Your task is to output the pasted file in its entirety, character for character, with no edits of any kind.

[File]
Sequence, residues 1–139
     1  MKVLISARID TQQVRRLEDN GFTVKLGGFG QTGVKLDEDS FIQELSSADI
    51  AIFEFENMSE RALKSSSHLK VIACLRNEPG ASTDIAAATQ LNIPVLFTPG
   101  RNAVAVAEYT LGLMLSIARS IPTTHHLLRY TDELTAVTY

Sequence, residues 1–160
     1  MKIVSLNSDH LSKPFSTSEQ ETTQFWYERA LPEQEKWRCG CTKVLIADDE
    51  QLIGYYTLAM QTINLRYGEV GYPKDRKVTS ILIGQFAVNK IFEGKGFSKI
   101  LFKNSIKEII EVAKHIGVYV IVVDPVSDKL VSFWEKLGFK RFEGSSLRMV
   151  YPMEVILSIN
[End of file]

Sequence, residues 1–139
     1  MKVLISARID TQQVRRLEDN GFTVKLGGFG QTGVKLDEDS FIQELSSADI
    51  AIFEFENMSE RALKSSSHLK VIACLRNEPG ASTDIAAATQ LNIPVLFTPG
   101  RNAVAVAEYT LGLMLSIARS IPTTHHLLRY TDELTAVTY

Sequence, residues 1–160
     1  MKIVSLNSDH LSKPFSTSEQ ETTQFWYERA LPEQEKWRCG CTKVLIADDE
    51  QLIGYYTLAM QTINLRYGEV GYPKDRKVTS ILIGQFAVNK IFEGKGFSKI
   101  LFKNSIKEII EVAKHIGVYV IVVDPVSDKL VSFWEKLGFK RFEGSSLRMV
   151  YPMEVILSIN